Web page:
The premiere episode of Grey Anatomy’s 19th season featured a transplant storyline and the first three minutes of “Everything Has Changed” are basically a PSA for organ donation.
The episode begins with Meredith Grey’s voiceover sharing facts about transplant, such as hearts and lungs can only last for four to six hours outside the body. She tells us about medical advancements, like the profusion options we all saw at AOPO to transport such organs farther. She notes that the goal is to make more organs available and save more lives. Meredith even tells us the number of people waiting, “And for over 100,000 in this country who are currently waiting for an organ, it’s a chance at a new life.”
“Everything Has Changed” takes place on the first day for the new residents. Their focus for the day is on a large number of patients with catastrophic brain injuries after a bus overturned.
The writers use this storyline to give a master-class on brain death.
When Dr. Amelia Shepherd asks the new residents how to declare brain death, Dr. Quan recites: “numerous criteria must be met before the determination of brain death including at least two clinical exams and a confirmatory test such as a brain scan.” The episode goes on to show us the actual brain death testing of 14 patients. When one patient’s eyes are tracking Dr. Shepherd says, “she is not brain dead. She is not dead.” Later in the episode this patient wakes up in a moving moment between a mother, daughter and new resident.
What is noteworthy in this episode is that Grey’s writers go beyond PSA statistics and brain death testing. They take care to humanize the gift of life in many different ways.
When a new resident calls the number of potential donors an “organpalooza” Dr. Shepherd admonishes her saying, “every one of those organs came from a person who was living their life yesterday, a person with family and friends who are devastated today and praying for a miracle.”
When explaining to the new residents how to tell the next of kin that their loved one is brain dead Dr. Shepherd says, “you will take time and care. You will be kind and you will be gentle.” In the OR Dr. Nick Marsh leads a prayer honoring the donor, “The donor is Erin Collins. He loved rugby and he loved science.” The recipient of a three-organ transplant says after surgery, “I want to thank the donor family. Someone’s child died. I want to tell them, I know what they lost.”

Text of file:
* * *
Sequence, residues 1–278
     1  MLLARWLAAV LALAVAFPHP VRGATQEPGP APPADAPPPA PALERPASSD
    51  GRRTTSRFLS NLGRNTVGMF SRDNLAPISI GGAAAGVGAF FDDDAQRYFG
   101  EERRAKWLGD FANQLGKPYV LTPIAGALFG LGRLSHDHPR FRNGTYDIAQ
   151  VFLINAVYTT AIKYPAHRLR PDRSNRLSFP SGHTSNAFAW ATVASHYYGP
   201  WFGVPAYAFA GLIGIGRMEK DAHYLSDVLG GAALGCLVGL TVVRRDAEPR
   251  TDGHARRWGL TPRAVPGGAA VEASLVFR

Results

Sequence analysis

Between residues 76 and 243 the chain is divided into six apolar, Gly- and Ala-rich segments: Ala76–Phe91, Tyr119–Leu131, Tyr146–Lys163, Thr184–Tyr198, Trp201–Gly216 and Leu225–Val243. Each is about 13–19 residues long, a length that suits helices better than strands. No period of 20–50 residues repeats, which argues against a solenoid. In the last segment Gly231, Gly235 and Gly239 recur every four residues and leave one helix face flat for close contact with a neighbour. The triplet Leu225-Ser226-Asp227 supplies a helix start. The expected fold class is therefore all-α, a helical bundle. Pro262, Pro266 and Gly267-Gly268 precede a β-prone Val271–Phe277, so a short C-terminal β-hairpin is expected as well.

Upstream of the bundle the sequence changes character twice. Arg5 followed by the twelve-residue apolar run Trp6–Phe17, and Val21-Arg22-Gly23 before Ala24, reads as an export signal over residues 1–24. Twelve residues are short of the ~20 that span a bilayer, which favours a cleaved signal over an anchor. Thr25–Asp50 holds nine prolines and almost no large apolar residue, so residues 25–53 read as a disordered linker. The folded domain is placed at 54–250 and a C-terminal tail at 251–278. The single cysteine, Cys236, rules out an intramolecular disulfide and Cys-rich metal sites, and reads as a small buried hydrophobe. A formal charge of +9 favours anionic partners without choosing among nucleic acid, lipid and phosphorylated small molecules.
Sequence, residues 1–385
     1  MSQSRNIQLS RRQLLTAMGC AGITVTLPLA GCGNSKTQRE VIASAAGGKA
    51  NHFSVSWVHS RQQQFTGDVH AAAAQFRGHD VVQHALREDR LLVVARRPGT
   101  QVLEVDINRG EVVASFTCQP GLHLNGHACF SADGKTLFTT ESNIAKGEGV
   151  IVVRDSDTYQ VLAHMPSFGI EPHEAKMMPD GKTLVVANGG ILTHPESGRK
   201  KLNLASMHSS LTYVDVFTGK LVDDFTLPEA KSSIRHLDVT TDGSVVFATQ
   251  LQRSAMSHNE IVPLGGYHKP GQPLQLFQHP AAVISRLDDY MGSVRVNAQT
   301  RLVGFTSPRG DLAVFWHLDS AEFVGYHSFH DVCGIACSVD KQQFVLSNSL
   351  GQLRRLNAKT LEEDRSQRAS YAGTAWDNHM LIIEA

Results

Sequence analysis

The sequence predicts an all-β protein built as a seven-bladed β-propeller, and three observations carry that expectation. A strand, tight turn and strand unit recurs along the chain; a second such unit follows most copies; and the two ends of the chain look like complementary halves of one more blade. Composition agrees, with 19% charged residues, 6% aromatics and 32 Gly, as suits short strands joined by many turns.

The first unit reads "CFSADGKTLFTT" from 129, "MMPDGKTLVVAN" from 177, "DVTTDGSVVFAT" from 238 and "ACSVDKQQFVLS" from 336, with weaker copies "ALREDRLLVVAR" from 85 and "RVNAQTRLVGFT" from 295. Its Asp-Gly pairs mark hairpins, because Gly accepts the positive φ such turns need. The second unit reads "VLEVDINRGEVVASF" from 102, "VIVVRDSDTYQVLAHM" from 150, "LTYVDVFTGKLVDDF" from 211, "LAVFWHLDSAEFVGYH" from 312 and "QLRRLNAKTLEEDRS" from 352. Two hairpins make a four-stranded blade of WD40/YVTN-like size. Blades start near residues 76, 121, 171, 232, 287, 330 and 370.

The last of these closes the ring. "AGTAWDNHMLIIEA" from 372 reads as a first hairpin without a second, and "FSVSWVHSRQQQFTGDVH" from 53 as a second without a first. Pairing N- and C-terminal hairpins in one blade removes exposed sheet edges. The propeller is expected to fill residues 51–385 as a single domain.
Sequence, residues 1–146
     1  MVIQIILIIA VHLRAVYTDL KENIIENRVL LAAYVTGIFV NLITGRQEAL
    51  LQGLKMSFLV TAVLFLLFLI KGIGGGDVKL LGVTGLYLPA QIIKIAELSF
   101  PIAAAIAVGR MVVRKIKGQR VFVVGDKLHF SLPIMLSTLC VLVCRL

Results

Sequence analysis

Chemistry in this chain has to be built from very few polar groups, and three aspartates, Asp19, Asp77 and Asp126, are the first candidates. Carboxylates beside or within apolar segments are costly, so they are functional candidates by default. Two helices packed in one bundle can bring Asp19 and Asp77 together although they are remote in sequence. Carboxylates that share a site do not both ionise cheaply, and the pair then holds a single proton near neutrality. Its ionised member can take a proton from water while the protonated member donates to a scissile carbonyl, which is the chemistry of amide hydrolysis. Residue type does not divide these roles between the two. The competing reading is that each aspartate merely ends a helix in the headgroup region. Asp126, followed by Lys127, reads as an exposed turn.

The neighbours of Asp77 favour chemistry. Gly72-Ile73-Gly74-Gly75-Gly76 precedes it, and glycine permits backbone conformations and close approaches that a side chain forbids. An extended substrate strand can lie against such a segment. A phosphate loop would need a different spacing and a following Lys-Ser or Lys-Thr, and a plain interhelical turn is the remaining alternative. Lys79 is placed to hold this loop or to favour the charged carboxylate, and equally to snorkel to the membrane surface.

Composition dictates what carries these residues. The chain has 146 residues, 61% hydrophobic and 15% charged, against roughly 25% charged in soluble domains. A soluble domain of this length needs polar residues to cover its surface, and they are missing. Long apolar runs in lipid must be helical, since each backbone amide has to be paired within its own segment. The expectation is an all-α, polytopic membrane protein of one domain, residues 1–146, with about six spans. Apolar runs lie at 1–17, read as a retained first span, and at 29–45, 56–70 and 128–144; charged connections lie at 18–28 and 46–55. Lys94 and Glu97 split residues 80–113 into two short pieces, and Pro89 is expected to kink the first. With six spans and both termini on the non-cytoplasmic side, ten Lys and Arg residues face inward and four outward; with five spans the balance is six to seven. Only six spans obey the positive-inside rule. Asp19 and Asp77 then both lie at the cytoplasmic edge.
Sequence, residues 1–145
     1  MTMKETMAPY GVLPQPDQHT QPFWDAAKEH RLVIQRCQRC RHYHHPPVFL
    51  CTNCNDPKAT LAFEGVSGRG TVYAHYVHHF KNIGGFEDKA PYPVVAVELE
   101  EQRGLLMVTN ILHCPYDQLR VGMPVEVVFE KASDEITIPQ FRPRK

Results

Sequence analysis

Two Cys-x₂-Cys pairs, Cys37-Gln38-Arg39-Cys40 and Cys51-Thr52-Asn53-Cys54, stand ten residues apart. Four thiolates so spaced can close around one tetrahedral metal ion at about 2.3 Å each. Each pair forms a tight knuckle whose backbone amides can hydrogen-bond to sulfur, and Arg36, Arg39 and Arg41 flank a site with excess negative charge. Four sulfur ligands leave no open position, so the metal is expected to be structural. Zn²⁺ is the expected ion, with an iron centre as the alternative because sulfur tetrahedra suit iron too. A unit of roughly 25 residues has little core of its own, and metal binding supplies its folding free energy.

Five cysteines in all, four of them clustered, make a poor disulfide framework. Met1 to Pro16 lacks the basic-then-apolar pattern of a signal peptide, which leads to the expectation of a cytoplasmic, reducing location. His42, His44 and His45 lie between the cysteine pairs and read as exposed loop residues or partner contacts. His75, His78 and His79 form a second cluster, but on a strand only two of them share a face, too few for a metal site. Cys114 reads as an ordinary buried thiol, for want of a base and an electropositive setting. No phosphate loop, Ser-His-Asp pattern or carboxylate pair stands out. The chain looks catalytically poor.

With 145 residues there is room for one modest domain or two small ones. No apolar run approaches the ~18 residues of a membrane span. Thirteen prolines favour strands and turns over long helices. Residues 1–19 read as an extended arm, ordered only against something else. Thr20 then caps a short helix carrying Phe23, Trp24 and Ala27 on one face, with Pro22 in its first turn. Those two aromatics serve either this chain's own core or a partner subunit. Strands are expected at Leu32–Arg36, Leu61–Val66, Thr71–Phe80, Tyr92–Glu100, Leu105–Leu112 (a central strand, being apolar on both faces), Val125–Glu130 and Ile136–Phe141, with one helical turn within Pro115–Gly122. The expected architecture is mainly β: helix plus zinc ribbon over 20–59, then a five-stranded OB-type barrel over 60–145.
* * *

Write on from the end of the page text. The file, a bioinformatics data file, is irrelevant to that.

The writers also mention the OPO.
This is something television shows are doing more often at the urging of the DLH campaign. Dr. Shepherd says, “we have already alerted the OPOs for potential donors.” Although we don’t see an OPO professional in action, we got the mention.
But television is never perfect and there are two issues with the episode that could impact people’s perception of donation:
1) Dr. Shepherd says that of the 14 patients who are potentially brain dead, nine are organ donors. The problem is, there is no way she would know that information. Indeed, the question itself needs clarification. Do you want to know:
How many of the 14 people are registered as donors? Doctors don’t have that information. Only the OPO can access a state’s donor registry.
How many people meet the criteria for both brain death and organ donation? The doctors wouldn’t have that information until after brain death testing.
2) Dr. Quan lies to a donor family. This was the thing that most people brought to my attention after the episode. However, the lie served a purpose: it help develop a new character.
Dr. Quan shares a moving personal experience with the mother of a potential donor in order to encourage her to say yes to organ donation. He tells her, “I lost my brother in an accident when he was only 16. It was devastating and my life was never the same and there is nothing anyone can say that can take your pain away. But the lives my brother saved when he donated his organs….I cling to that. I cling to it after all these years.”
It was a powerful speech, and a lie since Dr. Quan never had a brother. Through this lie we gleam a clear insight into Dr. Quan’s personality. Grey’s fans now know what he is willing to do to get ahead.
Dr. Quan’s words may not have been true for him, but they speak to a truth that almost every donor family feels. Organ donation is the one good that families cling to and gives meaning to a sudden and tragic death.
“Everything Has Changed” will receive a 2023 Inspire Award. Yes, there were a couple issues, but the episode had a clear explanation of brain death, showed care for donors and their families and highlighted the need for organ donation. That’s a win.